If these are concerns that you have, it’s important to contact your healthcare team. They’ll be able to identify other treatment options, look into resources that can assist you, and provide education on diabetes management.

As one study found, “diabetes self-management is correlated with good blood glucose control, fewer complications, improved quality of life and reduction in diabetes-related death risks.” Therefore, taking steps to manage it properly is crucial.

Mistake #5: Leading a Sedentary Life

Modern American life, by its very nature, is sedentary. We sit in our cars to drive to offices, where we sit at our desks all day before we get back in our vehicles. Then, when we return home for the evening, we plop ourselves down on the couch and watch television. As a result, the vast majority of us are failing to get the recommended 150 minutes of exercise each week.

Although sitting down and leading a leisurely lifestyle might feel ideal at the moment, the negative impact it has on your body over time is tremendous. When you skip out on cardio and strength training exercises, you miss out on some of the many benefits associated with moving your body.

Harvard Health Publishing uncovered that exercise for people with diabetes could potentially lower HbA1c values and minimize insulin resistance. In addition, exercising is also beneficial in controlling other diseases and conditions that often go hand-in-hand with type 2 diabetes, such as obesity, high blood pressure, and heart disease.

Mistake #6: Storing Insulin Incorrectly

In a healthy individual, insulin is produced in the pancreas and regulates a person’s blood sugar, keeping it within a healthy range. However, in diabetics, the body often cannot produce insulin or use it appropriately or effectively. Because of this, diabetics usually have to inject insulin to maintain their blood sugar levels in a healthy range. The most common way to deliver insulin is via an injection, although some people get insulin through a pump.

No matter how insulin is being delivered, it’s important to store your insulin in a way that maintains its effectiveness. According to the Food and Drug Administration (FDA), insulin maintains its efficacy best if refrigerated. If a fridge is unavailable, it should be kept in a cool place out of direct sunlight.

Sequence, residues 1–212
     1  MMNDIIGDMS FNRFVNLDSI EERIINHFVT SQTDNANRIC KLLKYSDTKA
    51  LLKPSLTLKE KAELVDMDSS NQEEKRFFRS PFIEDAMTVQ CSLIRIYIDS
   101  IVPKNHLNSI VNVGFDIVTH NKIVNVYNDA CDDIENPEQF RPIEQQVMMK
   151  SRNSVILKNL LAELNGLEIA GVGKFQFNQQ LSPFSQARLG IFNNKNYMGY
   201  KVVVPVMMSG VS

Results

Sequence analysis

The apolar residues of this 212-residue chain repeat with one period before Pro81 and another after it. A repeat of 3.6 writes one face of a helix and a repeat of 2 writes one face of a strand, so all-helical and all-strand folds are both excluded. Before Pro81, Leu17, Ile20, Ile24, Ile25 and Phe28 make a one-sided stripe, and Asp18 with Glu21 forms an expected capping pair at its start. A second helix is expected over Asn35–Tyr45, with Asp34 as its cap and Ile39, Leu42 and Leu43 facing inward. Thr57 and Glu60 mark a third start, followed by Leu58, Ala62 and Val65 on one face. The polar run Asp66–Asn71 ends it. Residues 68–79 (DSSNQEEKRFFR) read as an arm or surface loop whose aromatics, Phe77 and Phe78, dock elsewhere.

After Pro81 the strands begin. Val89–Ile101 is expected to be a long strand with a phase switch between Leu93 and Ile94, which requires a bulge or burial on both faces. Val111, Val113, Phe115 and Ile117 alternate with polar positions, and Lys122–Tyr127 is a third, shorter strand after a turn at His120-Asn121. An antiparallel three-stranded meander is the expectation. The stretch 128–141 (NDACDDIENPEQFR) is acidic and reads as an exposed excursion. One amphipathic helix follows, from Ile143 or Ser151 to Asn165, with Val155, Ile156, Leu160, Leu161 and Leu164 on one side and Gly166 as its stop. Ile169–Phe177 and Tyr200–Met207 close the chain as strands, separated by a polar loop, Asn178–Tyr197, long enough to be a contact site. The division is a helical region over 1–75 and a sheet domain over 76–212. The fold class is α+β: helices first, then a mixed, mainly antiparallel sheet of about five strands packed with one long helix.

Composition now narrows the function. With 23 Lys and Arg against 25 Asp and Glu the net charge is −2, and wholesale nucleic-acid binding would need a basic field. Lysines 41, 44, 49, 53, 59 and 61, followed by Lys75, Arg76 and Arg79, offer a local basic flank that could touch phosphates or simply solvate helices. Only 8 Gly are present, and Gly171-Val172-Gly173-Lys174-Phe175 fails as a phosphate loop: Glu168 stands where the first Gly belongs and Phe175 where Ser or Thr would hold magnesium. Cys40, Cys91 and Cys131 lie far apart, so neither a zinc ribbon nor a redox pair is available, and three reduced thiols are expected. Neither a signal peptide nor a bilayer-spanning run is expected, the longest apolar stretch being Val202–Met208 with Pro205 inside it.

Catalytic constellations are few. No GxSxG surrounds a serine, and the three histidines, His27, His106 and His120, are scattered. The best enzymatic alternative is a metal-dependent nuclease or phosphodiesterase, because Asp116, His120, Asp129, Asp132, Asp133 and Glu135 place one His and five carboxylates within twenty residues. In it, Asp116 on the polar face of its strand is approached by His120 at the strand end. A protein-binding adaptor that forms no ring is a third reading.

One thing that is important to remember is that all drugs, including insulin, have expiration dates. Once insulin reaches this expiration date, it should be disposed of and no longer used.

If you have any questions about storing insulin appropriately, you should talk to your provider about this. They’ll be able to give you advice and recommendations.

Mistake #7: Giving Up On Medications Too Soon

In addition to insulin, there are other medications providers consider for treating type 2 diabetes. These medications are highly effective for some people but may also have significant and unpleasant side effects. Based on these side effects, many people may abruptly stop treatment, which often happens before the medication can effectively lower blood sugar.

It is crucial that you do not pull the plug too soon. If you are troubled with any side effects, please get in touch with your provider. They can either change you to another medication or give you ways to address these side effects.

The 7 Common Mistakes Diabetics Make Unveiled

If you read through this list and realize you’ve made a mistake or two, don’t beat yourself up. This resource was meant to unveil the mistakes many people with diabetes make so you can hopefully avoid or mitigate them.

You are not alone in your journey. Understand that Type 2 diabetes is a complex chronic condition that millions of people are trying to navigate. Fortunately, proper education and intervention can make a world of difference.

References

  1. https://www.cdc.gov/diabetes/basics/type2.html#:~:text=More%20than%2037%20million%20Americans,them%20have%20type%202%20diabetes
  2. https://www.kidney.org/atoz/content/diabetes-and-your-eyes-heart-nerves-feet-and-kidneys#:~:text=Diabetes%20is%20a%20serious%20disease,stay%20as%20healthy%20as%20possible.
  3. https://www.nei.nih.gov/sites/default/files/2019-06/diabetes-prevent-vision-loss.pdf
  4. https://pubmed.ncbi.nlm.nih.gov/31605062/#:~:text=Periodontitis%20and%20diabetes%20are%20complex,is%20key%20in%20determining%20risk.
  5. https://www.hopkinsmedicine.org/health/conditions-and-diseases/diabetes/diabetes-and-heart-disease
  6. https://pubmed.ncbi.nlm.nih.gov/32591227/
  7. https://www.ncbi.nlm.nih.gov/pmc/articles/PMC5628550/
  8. https://www.health.harvard.edu/blog/snooze-more-eat-less-sleep-deprivation-may-hamper-weight-control-202204042718#:~:text=Insufficient%20sleep%20is%20associated%20with,bring%20them%20back%20to%20balance
  9. https://www.cdc.gov/diabetes/managing/managing-blood-sugar/bloodglucosemonitoring.html
  10. https://www.ncbi.nlm.nih.gov/pmc/articles/PMC6550406/
  11. https://www.cdc.gov/physicalactivity/basics/adults/index.htm
  12. https://www.health.harvard.edu/staying-healthy/the-importance-of-exercise-when-you-have-diabetes
  13. https://www.fda.gov/drugs/emergency-preparedness-drugs/information-regarding-insulin-storage-and-switching-between-products-emergency#:~:text=According%20to%20the%20product%20labels,expiration%20date%20on%20the%20package.